On the other hand, these companies may lose out on other benefits. For example, companies that pay corporate taxes may receive asset protection against creditors, such as when a natural disaster forces bankruptcy and the ownership justifiably seek to keep their private assets separate from those of their enterprise.

Consider a balance of the different considerations at each stage of the development of your business. A sole proprietorship or home business almost never requires any kind of registration. Such a measure would only bring tax liabilities and nothing else. As a business grows in complexity, perhaps the benefits of registration may outweigh the tax liabilities.

  1. Charity Work Can Provide Low-Cost Marketing While Freeing You from the Taxman

As described in other posts, involvement in the community can market your ideas, services, and products. Never forget the importance of tax breaks as well. The advantages of community engagement can lift hearts and spread the message of your company far and wide, but never forget the tax advantages. Charitable contributions are deductible, as are expenses in the pursuit of community enterprises.

  1. Consider How you Treat your Employees: Tax Benefits can Arise

The IRS provides many incentives to treat employees well. For example, retirement benefits can not only improve employee retention but can also help pinch pennies when tax time comes.

For example, a 401(k) account for your employees, or even for yourself, can allow deductions in the amount of any contributions you make. As an alternative, a SEP may provide some of the same benefits to employers

More importantly, especially considering the coronavirus pandemic, several plans allow credits for employers who work to minimize the impact on their employees during the pandemic. Consider the Families First Coronavirus Response Act (FFCRA), the Coronavirus Aid, Relief, and Economic Security Act (CARES), the Coronavirus Response and Relief Supplemental Appropriations Act (CRRSAA), and the American Rescue Plan Act of 2021 (ARPA).

Without going into too much detail about each of these Pandemic-era legislation measures, this legislation applies to employers who paid their workers during periods of lockdown, who provided benefits to such employees, and who allowed paid time off for the purpose of getting vaccinations.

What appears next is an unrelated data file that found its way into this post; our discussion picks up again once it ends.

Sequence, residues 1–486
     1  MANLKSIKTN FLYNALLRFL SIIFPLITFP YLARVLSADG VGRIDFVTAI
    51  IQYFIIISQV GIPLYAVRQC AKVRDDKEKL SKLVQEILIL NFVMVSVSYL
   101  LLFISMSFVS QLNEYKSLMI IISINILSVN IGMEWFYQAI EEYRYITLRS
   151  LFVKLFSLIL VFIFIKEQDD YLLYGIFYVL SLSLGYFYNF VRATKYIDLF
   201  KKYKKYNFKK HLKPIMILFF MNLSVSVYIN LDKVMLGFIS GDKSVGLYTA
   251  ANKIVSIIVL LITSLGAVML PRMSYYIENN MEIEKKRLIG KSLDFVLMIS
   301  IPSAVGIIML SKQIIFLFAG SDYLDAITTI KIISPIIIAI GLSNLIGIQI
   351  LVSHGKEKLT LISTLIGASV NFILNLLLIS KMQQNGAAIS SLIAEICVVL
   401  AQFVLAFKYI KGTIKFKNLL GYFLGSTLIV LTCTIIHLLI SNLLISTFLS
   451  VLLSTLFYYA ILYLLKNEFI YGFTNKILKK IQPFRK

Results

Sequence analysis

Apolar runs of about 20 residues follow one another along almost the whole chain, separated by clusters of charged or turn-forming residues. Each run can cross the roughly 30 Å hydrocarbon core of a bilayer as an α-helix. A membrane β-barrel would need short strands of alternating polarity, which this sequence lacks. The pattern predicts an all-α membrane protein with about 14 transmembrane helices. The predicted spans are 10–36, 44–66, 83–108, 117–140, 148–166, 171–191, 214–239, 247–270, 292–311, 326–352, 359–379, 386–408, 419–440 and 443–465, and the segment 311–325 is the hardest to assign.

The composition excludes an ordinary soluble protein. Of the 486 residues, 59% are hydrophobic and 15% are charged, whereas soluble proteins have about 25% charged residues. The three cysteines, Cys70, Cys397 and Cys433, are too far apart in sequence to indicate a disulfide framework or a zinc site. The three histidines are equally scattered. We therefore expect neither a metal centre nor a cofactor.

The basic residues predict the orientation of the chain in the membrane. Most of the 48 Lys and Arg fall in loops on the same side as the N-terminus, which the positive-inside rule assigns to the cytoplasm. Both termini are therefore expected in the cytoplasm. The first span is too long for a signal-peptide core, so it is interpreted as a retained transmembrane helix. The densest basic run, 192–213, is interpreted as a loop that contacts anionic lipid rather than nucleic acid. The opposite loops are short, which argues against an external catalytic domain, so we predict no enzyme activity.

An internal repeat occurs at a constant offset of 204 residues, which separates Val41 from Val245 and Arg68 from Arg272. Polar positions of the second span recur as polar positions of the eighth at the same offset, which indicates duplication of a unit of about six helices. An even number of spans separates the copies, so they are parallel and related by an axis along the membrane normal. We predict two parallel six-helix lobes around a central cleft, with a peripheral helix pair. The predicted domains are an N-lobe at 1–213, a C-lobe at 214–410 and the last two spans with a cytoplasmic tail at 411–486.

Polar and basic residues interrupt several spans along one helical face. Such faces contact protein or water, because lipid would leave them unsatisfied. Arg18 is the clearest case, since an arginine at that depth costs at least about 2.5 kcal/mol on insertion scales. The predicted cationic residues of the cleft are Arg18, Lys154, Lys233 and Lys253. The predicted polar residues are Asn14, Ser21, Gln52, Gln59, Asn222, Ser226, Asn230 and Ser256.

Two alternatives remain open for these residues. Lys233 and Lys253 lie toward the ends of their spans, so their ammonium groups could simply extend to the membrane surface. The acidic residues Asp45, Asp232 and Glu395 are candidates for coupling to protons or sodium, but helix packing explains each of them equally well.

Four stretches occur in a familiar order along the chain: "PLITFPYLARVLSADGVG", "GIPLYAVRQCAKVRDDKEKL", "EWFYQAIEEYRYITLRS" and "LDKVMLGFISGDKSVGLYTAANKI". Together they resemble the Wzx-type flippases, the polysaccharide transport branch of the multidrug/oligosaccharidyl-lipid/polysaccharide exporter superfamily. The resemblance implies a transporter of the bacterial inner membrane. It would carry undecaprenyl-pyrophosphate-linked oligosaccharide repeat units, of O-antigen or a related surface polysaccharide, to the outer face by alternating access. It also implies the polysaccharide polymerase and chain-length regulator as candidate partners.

The Bottom Line

Some changes may provide increased opportunities for Veteran Small Business Owners during the 2022 tax season, not least due to the pandemic. Overall, the best strategies for minimizing tax liability may arise from investigating the right organizational strategies. Remember to apply a holistic approach to balance the right strategies not only to avoid the worst tax liabilities, but to maximize benefits to yourself, your employees, and your community as well.   This article addresses generalities, and we highly recommend that you consult a tax professional with your specific questions.

VAMBOA, the Veterans and Military Business Owners Association hope that this article has not only been valuable but provided some unique perspective.  We work hard to bring you important, positive, helpful, and timely information and are the “go-to” online venue for Veteran and Military Business Owners.  VAMBOA is a non-profit trade association.   We do not charge members any dues or fees and members can also use our seal on their collateral and website.   If you are not yet a member, you can register here:  https://vamboa.org/member-registration/

We also invite you to check us out on social media too.

Facebook:  https://www.facebook.com/vamboa

Twitter:  https://twitter.com/VAMBOA

Do not forget that VAMBOA members receive significant discounts on technology needs.   Check them out here: https://vamboa.org/dell-technologies/

Handling Expense Records as Tax Season Looms

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By James Pruitt, Senior Staff Writer

Many small business owners brush off tax deductions that could save them and their small business large amounts of money. At the same time, all businesses need to understand their liabilities to avoid conflicts with the IRS or any other parties.

First, remember the importance of business records. Such records are convenient for your own internal purposes and play crucial roles in any drama that may come into play later. New entrepreneurs, especially, may underestimate the importance of their own private transactions. A clear and reliable records system can smooth out unforeseen problems in the future. 

Many independent businesspeople forget the need to track their own accounts in case prying eyes might zero in on any inconsistencies. Good internal records can resolve, for example, customer disputes before they escalate. Furthermore, these records can make all the difference in any future lawsuits or tax proceedings.

Second, remember that business expenses are deductible. Personal expenses, on the other hand, meld into your regular finances. However, even the best intentions can’t always prevent confusion between personal and business expenses, especially for small business owners who have chosen not to incorporate. The best solution lies with good planning. 

A list of possible business expenses may include advertising, rent, and/or mortgage expenses for office space, utilities, and employee salaries and benefits. Interest on loans may also provide a deduction. Finally, consider equipment, maintenance, and depreciation on any equipment as it wears out. 

Even relevant industry publications may provide just such a deduction. Imagine a doctor’s office without the New England Journal of Medicine. Most law offices couldn’t function without their legal digests, which are updated periodically. Any variety of other specialized professions may need these kinds of subscriptions to stay “in the know.”